“It’s not fair.”
“Life’s not fair. We’re only three hours into the game. You’ll get yours back if you just keep playing!”
“How come you keep on getting sixes. The dice is loaded if you ask me.”
“It’s not. You won the LAST game. With the SAME dice. And you walked away with I don’t know how many thousand points and did I complain? No. I just said ok, congratulations! Don’t be such a sore loser.”
“Anyway, there’s still plenty of time,” Horus interjected, looking from Zog to Baal and rolling his eyes. He covered a yawn. Monopoly bored him. Why, he thought, do we play these interminable games? It’s not as if it achieves anything! And yet, what else is there to do round here?
Baal threw the die again, and smirked.
“I get New York. Let’s see now – New York, London, Tokyo and the whole of Africa. If you land on Africa a million of your lot get AIDS.”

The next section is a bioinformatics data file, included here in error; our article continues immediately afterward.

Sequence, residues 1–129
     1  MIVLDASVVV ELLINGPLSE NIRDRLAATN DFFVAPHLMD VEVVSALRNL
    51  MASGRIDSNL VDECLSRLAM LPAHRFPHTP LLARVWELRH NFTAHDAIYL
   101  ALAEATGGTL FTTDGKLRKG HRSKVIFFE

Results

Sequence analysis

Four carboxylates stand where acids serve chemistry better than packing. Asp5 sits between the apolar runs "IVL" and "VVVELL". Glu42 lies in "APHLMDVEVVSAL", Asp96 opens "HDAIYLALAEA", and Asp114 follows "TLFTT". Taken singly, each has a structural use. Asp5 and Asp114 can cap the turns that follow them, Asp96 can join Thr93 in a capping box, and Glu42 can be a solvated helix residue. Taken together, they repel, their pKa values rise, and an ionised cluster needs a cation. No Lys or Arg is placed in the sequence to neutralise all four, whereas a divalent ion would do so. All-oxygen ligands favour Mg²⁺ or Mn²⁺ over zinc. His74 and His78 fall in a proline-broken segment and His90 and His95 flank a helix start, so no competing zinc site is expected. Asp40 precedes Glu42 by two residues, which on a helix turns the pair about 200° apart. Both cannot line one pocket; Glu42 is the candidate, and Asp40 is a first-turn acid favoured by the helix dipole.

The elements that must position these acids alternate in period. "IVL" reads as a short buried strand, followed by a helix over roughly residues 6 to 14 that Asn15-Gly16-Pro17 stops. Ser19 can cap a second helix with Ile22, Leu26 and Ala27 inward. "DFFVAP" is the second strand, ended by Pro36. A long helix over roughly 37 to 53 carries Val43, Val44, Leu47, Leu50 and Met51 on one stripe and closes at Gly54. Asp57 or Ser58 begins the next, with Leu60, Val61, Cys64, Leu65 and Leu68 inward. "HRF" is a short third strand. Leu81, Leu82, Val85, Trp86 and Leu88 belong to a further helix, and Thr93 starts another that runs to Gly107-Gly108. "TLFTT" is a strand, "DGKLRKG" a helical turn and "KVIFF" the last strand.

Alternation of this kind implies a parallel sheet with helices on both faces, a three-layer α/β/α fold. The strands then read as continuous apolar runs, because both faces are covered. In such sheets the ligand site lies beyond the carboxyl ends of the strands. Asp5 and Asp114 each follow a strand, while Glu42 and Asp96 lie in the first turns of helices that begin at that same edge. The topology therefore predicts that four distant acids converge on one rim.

“I’m sick of this game!” Zog burst out, and with one sweep of his fist, the board buckled and the counters went hurtling to the floor. Horus sighed. They’d be at it again tomorrow. And the day after that. Civilisations rose. Civilisations fell. With boring predictability.
A man called Dave looked out of his hotel bedroom window as a wall of water loomed improbably towards him.
“Jesus!” he said, “Oh my God!”
The three deities glanced down and snickered.
“You have to admit,” said Zog, “it IS funny to hear them squealing. It’s as if they think we CARE!”